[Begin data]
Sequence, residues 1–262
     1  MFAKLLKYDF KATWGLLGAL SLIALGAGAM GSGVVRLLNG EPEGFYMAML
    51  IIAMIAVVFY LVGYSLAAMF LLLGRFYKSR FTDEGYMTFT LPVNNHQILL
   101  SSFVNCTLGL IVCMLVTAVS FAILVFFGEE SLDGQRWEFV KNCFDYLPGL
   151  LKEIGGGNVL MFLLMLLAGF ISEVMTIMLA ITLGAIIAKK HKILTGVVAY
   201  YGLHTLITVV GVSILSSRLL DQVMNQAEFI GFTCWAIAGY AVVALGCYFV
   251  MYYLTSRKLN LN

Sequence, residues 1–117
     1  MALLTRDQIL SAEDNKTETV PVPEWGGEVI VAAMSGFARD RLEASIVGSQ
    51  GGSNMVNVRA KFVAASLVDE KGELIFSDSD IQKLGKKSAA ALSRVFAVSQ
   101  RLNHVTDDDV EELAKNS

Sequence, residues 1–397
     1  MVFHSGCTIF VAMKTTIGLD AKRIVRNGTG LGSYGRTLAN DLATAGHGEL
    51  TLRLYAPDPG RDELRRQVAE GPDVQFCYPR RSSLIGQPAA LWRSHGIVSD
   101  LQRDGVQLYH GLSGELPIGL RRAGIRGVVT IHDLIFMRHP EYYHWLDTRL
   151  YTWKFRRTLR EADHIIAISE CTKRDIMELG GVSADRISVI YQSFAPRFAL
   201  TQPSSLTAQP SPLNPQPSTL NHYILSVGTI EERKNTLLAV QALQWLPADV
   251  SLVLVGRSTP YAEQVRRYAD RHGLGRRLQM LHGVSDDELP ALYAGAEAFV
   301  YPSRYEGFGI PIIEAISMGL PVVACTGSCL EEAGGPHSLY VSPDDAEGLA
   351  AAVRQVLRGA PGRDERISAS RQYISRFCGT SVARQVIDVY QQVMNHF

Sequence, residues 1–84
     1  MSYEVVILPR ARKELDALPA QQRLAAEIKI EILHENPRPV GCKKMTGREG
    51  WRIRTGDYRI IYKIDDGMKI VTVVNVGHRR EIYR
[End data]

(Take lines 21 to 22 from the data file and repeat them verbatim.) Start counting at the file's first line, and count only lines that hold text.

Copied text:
Sequence, residues 1–84
     1  MSYEVVILPR ARKELDALPA QQRLAAEIKI EILHENPRPV GCKKMTGREG